ins and outs of managing a restaurant before taking the reins for himself. Willey recently set up his second Ramunto’s establishment in North Adams this past December. While still in somewhat of a fledgling state, the restaurant still offers guests the same level of hospitality that they’ve come to expect from their Bennington-based counterpart. Ramunto’s presents itself as a fusion of pizzeria meets sports bar. A decent selection of both specialty pizzas and chicken wings are available, as well as several different pasta dishes, calzones, pub burgers and salads. A wide array of both domestic and craft beers are available on tap, and six large, LED screens are mounted to the walls, each tuned in to whichever games happen to be airing at the time. Playing to the hearts of foodies everywhere, both the dough and sauce are made with fresh ingredients on the daily, and the cheeses used are freshly grated. While this can result in slightly longer wait times then some might expect, the end result is a top-tier, fresh pizza that pops with flavor. The interior is a mix of both modern and urban design, and while it is not highly stylized for now, the possibilities are near endless, given Ramunto’s size. Regardless, a noticeable air of warmth and invitation is fervent throughout, making for both an enjoyable dining experience and atmosphere. Justin Jowett, the restaurant’s general manager, expressed the importance that both he and his staff hold in regards to maintaining an attractive, friendly atmo-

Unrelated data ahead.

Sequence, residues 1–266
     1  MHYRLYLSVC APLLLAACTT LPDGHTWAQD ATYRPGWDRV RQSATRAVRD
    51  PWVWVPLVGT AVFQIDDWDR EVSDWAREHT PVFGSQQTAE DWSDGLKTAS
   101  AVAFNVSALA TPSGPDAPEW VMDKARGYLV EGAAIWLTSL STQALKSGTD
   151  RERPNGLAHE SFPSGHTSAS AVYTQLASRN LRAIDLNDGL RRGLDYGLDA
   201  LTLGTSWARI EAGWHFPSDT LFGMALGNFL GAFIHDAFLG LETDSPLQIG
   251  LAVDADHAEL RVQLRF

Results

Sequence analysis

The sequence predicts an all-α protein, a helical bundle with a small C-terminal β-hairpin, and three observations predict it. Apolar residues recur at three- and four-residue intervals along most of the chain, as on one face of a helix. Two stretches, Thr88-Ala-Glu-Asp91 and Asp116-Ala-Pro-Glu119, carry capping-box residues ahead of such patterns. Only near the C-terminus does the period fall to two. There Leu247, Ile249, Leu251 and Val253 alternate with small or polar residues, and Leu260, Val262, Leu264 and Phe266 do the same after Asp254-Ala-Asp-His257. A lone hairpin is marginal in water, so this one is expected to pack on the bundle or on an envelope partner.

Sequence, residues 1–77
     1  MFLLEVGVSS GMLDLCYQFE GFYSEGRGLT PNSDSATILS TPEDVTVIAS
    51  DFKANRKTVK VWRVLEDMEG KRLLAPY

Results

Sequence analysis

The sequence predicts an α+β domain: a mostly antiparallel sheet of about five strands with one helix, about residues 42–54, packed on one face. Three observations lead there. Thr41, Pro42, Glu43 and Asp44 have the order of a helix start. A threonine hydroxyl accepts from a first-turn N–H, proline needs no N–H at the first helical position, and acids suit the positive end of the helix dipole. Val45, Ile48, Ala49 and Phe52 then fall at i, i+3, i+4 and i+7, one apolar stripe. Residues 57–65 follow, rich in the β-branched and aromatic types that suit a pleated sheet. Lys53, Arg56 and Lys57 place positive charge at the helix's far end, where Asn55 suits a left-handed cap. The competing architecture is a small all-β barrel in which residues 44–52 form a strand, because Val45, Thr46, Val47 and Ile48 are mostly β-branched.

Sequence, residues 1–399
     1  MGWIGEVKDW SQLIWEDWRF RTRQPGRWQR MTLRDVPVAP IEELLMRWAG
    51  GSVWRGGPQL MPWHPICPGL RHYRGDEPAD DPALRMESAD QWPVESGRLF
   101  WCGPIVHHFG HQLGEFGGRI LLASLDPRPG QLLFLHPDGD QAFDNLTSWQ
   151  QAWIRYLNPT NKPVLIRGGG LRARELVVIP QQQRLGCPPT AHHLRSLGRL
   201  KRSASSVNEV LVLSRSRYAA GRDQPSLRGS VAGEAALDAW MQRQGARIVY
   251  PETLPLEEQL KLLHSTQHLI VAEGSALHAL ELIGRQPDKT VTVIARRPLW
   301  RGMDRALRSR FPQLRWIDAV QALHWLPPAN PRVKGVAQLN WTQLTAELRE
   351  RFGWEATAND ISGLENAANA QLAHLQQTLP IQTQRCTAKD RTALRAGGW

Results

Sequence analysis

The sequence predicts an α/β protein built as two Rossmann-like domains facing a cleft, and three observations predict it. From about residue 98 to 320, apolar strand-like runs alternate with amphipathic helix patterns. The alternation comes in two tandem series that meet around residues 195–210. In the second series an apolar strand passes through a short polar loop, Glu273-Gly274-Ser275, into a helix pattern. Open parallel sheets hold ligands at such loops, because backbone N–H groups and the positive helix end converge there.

PHOTOS BY RON LEJA Ramunto's Pizza Pub, has a sports bar vibe; TV's hang around the restaurant for viewing of the latest game sphere. Jowett also started out at the Bennington shop several years ago as a standard employee before making the jump to a managerial position. “We try to greet every customer with a smile and do our best to make them feel welcomed,” Jowett said. “We want the community to feel at home here, to grab a slice of pizza and a few beers, sit down at the bar and enjoy the game with one another.” Ramunto’s is open seven days a week, and is currently carryout or dine-in only. Plans to start delivering are currently in the works, and can be expected to start in the near future. Fried raviolis are one of many pasta dishes that are available at Ramuntos.